In the 46 years since its foundation Baslow Choir has never previously performed Handel’s oratorio Judas Maccabeus. Perhaps the reason lay in the obscurity of its subject. On Saturday evening, by serendipitous chance on the precise anniversary of the work’s premiere at the Covent Garden Theatre on April 1st, 1747, the omission was righted and the choir’s performance at St Peter’s Church in Edensor revealed enchanting music every bit as enjoyable as anything its composer wrote.

The oratorio’s best known chorus ‘See the conquering hero comes…’  has been argued to have had topical relevance in celebrating the Duke of Cumberland’s victory at Culloden the previous year but the story it tells is more venerable, from the 160s BC, its characters drawn from the remote reaches of the Old Testament Apocrypha. It seems inauspicious yet Handel injects librettist Thomas Morell’s concise narrative with drive and purpose, though in truth the narrative matters little, being merely a line to hang a string of choral and vocal jewels on. In the airs at times even words themselves cease to matter much as Handel distorts and stretches syllables and vowels over extended runs of repeated notes designed to offer his soloists maximum opportunity to display their virtuosity; there is little doubt that singers of his day exulted in such competitive rivalry.

It was an invitation seized with panache and flair by soprano Rachel Abbott who trilled seemingly endless vowels with relish yet still building, with a delightful twinkle in her eye, to the resounding climax in which the sense of the words clearly does matter again, notably in the air ‘From mighty kings he took the spoil…’. Hers was a bravura performance throughout, delivered with élan and infectious enthusiasm.

Indeed, all the soloists rose to the considerable challenges Handel sets them. In the duet ‘Come, ever-smiling liberty…’ Rachel was joined by mezzo Kate Huddie in a lovely interweaving of melodic lines, Handel, as ever, investing minimum words with musical treasures in many notes. Equally imposing was bass Daniel Sumner who brought compelling depth to the majesty of tone required by lines like ‘The Almighty Jehovah will strengthen your hands.’ He too tackled with clear enjoyment extended warbling on ‘wonders’ and ‘glories’ in the air ‘The Lord worketh wonders…’   Tenor Stewart Campbell sang the part of the eponymous Judas with growing conviction, delivering the work’s second-most celebrated air with substantial pomp and flourish; those singers performing with an orchestra have striking trumpet support at this point but Stewart, with the energetic backing of organist Andrew Cummings, achieved the urgency necessary to ‘sound an alarm’. The fifth soloist, counter-tenor Nick Cox, brought a sure touch of line and diction to enliven the narration leading to the choral extravaganza of ‘See the conquering hero…’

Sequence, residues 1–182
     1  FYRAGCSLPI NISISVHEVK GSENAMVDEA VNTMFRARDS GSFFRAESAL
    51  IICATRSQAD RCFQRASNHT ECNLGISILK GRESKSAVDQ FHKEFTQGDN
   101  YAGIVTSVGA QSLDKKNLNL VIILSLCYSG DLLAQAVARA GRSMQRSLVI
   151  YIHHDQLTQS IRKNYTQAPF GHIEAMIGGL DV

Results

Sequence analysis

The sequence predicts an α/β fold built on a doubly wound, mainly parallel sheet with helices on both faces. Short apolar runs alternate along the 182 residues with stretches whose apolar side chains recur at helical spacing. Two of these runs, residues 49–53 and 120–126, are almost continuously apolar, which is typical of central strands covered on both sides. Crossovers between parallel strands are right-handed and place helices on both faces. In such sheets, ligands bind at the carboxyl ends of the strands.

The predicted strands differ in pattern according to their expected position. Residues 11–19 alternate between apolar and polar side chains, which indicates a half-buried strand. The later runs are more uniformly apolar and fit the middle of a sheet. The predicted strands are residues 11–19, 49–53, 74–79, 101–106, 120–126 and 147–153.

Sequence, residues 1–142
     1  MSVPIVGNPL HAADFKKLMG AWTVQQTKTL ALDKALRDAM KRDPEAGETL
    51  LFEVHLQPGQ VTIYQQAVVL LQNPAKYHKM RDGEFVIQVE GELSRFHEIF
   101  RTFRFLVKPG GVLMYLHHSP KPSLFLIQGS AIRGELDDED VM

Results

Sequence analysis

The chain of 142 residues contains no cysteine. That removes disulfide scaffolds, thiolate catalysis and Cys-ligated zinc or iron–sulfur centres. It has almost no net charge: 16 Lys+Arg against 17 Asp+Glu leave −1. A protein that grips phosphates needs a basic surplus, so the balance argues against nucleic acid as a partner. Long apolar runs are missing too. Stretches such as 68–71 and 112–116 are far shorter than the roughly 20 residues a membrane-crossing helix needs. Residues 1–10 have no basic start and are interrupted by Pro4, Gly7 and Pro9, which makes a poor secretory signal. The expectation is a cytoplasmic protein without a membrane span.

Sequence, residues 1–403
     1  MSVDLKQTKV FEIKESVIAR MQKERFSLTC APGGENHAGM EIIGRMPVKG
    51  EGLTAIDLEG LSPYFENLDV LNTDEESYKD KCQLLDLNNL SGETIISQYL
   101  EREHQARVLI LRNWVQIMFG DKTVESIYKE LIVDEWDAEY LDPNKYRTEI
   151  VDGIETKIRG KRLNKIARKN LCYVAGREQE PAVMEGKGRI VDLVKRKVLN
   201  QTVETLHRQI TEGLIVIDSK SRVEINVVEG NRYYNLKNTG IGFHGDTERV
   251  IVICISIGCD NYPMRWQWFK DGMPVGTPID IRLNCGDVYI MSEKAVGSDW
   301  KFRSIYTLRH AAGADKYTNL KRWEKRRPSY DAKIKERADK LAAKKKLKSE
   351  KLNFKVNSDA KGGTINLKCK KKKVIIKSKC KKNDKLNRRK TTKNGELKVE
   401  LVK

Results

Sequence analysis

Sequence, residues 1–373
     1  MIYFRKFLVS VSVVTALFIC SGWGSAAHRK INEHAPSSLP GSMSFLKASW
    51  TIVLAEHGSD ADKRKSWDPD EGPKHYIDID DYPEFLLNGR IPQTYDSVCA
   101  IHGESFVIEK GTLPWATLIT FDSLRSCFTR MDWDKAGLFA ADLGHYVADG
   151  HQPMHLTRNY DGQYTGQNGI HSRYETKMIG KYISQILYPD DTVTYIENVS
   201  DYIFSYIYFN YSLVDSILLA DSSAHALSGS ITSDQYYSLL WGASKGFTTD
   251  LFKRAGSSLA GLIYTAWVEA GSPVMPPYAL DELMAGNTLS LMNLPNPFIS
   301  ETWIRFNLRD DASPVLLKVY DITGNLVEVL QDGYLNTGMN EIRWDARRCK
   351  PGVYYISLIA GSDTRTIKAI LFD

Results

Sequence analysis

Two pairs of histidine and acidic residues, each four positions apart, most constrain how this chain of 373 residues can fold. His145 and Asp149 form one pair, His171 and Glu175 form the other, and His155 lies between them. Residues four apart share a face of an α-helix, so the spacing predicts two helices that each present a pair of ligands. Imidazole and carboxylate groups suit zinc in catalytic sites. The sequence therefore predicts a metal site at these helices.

As in the other chorus sections the choir here demonstrated its confidence and ability under the quietly restrained direction of Andrew Marples to bring a professional finish to Handel’s sometimes complex and demanding writing with all sections managing to range from hushed emotion to declamatory climax, all voices satisfyingly balanced in this beautiful church’s excellent acoustic.

A jewel of a performance in a jewel of the Peaks: it is to be hoped that a reprise will not have to wait before another half century has elapsed. Or perhaps they may choose to lift other worthy oratorios from relative obscurity. When they do, don’t miss it.

Alan Shutt 4/4/17